As growth in Sub-Saharan Africa is set to post a steady 5-6 percent per annum to 2017 according to IMF estimates, investors will be taking notes on the region’s growth story not least with the financial sector.
Happy birthday EMBI! The index group, the main benchmark for emerging market bond investors, turns 20 this year. When officially launched on Dec 31 1993, the world was a different place. The Mexican, Asian and Russian financial crises were still ahead, as was Argentina’s $100 billion debt default. The euro zone didn’t exist, let alone its debt crisis. Emerging debt was something only the most reckless investors dabbled in.
Britain’s aid programme for India hit the headlines this year, when New Delhi, much to the fury of the Daily Mail, described Britain’s £200 million annual aid to it as peanuts. Whether it makes sense to send money to a fast-growing emerging power that spends billions of dollars on arms is up for debate but few know that India has been boosting its own aid programme for other poor nations. A report released today by NGO Global Health Strategies Initiatives (GHSi) finds that India’s foreign assistance grew 10.8 percent annually between 2005 and 2010.
Anyone worried about Greece and the potential impact of the euro debt crisis on the world economy should have a chat with Jim O’Neill. O’Neill, the head of Goldman Sachs Asset Management ten years ago coined the BRIC acronym to describe the four biggest emerging economies and perhaps understandably, he is not too perturbed by the outcome of the Greek crisis. Speaking at a recent conference, the man who is often called Mr BRIC, pointed out that China’s economy is growing by $1 trillion a year and that means it is adding the equivalent of a Greece every 4 months. And what if the market turns its guns on Italy, a far larger economy than Greece? Italy’s economy was surpassed in size last year by Brazil, another of the BRICs, O’Neill counters, adding:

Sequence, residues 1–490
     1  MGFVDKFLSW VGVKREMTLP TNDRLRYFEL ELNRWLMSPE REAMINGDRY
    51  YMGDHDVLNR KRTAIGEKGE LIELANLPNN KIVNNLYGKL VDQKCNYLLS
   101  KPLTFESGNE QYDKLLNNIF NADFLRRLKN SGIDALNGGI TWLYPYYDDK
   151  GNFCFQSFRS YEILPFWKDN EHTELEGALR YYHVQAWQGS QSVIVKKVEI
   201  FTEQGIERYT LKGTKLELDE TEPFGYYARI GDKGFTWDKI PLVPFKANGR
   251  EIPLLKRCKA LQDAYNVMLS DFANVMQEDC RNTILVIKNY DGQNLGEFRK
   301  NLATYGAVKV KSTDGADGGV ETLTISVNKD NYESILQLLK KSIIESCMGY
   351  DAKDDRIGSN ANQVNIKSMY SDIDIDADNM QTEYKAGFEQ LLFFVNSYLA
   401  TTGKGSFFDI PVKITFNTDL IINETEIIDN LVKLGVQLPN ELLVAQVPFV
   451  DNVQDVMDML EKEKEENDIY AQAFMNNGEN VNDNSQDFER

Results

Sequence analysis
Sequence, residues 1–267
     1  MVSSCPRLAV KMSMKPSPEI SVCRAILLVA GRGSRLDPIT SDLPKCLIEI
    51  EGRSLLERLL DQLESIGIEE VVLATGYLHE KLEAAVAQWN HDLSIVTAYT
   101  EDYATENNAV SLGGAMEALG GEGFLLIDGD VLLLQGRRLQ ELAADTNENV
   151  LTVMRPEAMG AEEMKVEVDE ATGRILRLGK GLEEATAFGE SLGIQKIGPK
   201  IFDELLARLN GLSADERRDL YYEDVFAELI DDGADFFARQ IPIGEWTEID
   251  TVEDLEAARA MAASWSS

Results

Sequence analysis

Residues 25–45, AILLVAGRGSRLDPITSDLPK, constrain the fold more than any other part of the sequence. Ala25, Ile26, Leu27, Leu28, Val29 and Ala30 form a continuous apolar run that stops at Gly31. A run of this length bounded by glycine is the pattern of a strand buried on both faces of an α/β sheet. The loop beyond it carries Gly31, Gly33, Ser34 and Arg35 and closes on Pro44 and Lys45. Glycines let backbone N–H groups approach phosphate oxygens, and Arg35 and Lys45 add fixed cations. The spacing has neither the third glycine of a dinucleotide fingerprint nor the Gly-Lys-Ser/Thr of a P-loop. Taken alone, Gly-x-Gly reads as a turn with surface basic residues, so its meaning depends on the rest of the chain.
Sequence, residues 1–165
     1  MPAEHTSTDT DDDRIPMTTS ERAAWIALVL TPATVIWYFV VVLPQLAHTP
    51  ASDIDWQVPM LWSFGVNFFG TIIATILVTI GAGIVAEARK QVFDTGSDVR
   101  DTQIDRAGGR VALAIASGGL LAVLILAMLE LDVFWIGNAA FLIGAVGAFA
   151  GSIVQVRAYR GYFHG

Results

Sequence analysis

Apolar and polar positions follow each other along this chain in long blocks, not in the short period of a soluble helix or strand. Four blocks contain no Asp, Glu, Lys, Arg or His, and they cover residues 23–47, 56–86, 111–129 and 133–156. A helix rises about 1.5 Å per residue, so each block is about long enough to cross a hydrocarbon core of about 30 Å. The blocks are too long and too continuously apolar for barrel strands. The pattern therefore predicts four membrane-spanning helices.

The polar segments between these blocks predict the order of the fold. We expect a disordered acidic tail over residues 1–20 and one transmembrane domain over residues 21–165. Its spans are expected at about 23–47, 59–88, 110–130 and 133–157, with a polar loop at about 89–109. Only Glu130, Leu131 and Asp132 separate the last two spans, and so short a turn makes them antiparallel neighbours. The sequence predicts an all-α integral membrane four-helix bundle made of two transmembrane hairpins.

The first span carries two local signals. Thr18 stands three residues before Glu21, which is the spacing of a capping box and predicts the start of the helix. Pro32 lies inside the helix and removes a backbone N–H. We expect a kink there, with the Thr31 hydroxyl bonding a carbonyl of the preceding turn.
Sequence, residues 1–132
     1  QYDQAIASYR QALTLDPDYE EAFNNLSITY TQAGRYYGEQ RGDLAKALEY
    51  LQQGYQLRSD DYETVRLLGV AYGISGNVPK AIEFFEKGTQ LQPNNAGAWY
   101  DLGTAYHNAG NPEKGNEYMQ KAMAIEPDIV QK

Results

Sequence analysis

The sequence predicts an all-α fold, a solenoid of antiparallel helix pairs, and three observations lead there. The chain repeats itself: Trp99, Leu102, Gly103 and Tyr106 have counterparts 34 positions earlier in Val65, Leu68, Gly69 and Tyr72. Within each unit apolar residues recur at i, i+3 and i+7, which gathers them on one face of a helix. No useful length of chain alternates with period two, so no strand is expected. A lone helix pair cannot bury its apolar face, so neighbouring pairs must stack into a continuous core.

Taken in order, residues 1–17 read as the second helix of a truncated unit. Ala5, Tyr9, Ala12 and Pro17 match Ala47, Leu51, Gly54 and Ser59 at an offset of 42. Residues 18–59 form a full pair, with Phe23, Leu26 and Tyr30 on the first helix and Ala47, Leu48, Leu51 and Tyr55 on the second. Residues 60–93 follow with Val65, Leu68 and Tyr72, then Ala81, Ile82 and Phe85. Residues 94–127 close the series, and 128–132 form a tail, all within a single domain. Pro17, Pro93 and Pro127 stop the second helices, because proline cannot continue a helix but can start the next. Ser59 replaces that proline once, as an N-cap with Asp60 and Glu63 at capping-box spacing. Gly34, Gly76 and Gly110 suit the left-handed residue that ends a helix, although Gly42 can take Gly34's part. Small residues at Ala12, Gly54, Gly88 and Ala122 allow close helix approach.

Some fascinating data about the growing power of emerging markets, particularly the BRICs, was on display at the OECD‘s annual investment conference in Paris this week. Not the least of it came from MIGA, the World Bank’s Multilateral Investment Guarantee Agency, which tries to help protect foreign direct investors from various forms of political risk.